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BOWFINGER

by: Michael Dequina

Universal's ad campaign for Bowfinger would lead one to believe that the film rides solely on one (admittedly inspired) gimmick: Unable to land action superstar Kit Ramsey to headline his no-budget extravaganza, aspiring movie producer-director Bobby Bowfinger instead casts a geeky lookalike. However, that's only a small fraction of what's on writer-star Steve Martin's savvy satirical mind, which takes stinging potshots on a wide variety of targets under the Hollywood sun in one efficiently funny package.

It takes a while for Bobby (Martin) to get so desperate as to hire a dead ringer for Kit (Eddie Murphy), but his initial scheme is just as, if not more, pathetic. Knowing that the key to making his sci-fi cheapie Chubby Rain a success would be the involvement of the elusive and self-centered Kit, he shoots his unwitting "star" in secret, assembling a performance out of footage shot while he is in public places (such as restaurants and parking sructures) and reacting to his "co-stars," who approach him out of the blue. The reaction usually elicited is one of confusion and fear--which, as it happens, are the primary emotions of his "character," who is supposed to be witness to an alien invasion.

While the shooting-on-the-sly premise is funny--particularly Murphy's work as the oblivious and bewildered Kit--Bowfinger really takes off with the introduction of the softspoken Jiff (also played by Murphy), who is hired as a Kit substitute when the real deal goes on a retreat to replenish his rapidly diminishing sanity. Much like how the film is given new life, Murphy is similarly energized in the character of Jiff. He has always been at his best when he tosses his vanity aside and disappears completely into a role, as he did so memorably in The Nutty Professor, and he similarly wrings laughs and elicits a fair amount of sympathy as the good-natured, if slow of mind, Jiff.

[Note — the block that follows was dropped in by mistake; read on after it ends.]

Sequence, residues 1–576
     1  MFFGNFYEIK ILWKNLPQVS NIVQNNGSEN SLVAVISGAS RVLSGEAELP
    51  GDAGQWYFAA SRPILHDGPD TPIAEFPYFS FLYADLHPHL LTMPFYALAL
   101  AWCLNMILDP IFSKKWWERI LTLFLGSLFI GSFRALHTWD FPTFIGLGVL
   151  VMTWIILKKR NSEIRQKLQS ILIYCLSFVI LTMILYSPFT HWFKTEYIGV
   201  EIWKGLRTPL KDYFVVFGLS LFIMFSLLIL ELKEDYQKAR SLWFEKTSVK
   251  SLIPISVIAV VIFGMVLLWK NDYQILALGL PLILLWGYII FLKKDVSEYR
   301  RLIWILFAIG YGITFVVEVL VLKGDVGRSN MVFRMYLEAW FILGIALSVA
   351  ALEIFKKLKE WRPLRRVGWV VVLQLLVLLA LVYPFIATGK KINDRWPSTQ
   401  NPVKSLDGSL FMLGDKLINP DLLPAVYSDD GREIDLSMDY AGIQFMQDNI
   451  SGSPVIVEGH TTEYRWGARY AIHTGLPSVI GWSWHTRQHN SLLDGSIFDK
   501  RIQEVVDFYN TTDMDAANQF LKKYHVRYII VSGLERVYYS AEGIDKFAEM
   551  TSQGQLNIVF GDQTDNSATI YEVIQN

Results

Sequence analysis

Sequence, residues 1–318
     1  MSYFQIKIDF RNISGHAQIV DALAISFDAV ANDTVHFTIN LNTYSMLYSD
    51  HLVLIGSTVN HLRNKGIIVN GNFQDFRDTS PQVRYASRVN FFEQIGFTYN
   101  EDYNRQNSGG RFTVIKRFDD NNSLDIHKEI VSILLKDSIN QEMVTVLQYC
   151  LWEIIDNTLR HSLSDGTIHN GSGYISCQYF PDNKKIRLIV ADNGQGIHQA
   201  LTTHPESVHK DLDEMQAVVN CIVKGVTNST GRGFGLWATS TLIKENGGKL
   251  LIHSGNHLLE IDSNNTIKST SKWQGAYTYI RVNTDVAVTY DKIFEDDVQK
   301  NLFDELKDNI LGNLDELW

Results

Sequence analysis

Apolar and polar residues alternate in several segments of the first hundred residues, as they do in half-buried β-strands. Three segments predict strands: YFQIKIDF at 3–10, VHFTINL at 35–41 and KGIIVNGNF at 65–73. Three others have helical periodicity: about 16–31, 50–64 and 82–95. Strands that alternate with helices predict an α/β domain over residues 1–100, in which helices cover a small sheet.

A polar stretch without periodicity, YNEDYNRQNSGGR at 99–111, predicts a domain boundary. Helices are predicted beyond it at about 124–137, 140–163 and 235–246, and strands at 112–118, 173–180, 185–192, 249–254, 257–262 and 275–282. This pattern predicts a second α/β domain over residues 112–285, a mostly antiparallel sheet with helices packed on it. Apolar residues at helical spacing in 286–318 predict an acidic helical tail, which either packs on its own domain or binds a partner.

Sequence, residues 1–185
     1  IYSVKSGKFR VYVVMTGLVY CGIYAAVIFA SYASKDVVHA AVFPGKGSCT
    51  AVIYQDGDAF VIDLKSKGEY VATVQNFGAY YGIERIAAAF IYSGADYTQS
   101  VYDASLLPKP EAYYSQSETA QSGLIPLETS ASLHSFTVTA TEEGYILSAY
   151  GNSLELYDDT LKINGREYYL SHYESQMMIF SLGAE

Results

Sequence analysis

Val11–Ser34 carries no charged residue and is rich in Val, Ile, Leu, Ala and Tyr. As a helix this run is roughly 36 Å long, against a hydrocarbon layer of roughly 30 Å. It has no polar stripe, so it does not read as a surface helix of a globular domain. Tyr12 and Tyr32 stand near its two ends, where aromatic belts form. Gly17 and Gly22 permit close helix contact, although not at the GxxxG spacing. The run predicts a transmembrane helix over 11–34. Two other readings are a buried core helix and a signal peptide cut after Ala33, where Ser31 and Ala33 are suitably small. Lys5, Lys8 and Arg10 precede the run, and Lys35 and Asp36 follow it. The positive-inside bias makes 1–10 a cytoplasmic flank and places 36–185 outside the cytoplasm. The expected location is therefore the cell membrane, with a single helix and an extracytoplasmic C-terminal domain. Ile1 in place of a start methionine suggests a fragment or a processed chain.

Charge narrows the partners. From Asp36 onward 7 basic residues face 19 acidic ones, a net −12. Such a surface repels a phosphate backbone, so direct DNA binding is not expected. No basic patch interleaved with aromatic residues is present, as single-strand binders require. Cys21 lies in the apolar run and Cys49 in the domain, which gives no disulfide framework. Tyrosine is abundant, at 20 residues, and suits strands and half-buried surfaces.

Low-budget guerilla filmmaking and egotistical stars are Martin and director Frank Oz's main targets in the film, but they nimbly use their supporting players to attack other Tinseltown staples. Daisy (Heather Graham) is both the wide-eyed innocent who thinks a bus ticket from Ohio is also an instant one to stardom as well as the predatory young actress on the make. On the other end of the spectrum is Carol (Christine Baranski), an aging stage diva who itches for a taste of recaptured glory. Jerry Renfro (Robert Downey Jr.) is your typically greasy studio exec, and Chubby Rain's script happens to be written not by a career screenwriter but an accountant (Adam Alexi-Malle) with big-time Hollywood aspirations. There's also a thinly-veiled knock on Scientology. With such a wide range of targets, Martin and Oz give all their peripheral players their moments to shine, with the one notable exception being Jamie Kennedy, whose natural live-wire instincts (see the Scream films) are unfortunately held in check in the limited background role of Dave, the studio gofer who "borrows" the equipment to film Mr. Bowfinger's opus.

Bowfinger does take its time to build a head of steam, but in an age where movies often begin well before precipitously falling apart, the fact that it is a film that actually gets better as it goes along makes it something of a rarity. Also rare is the enjoyment in finding a seemingly no-brainer comedy that reveals itself to not only have a brain, but a sharp one at that.

RATING: *** 1/2 (out of *****)

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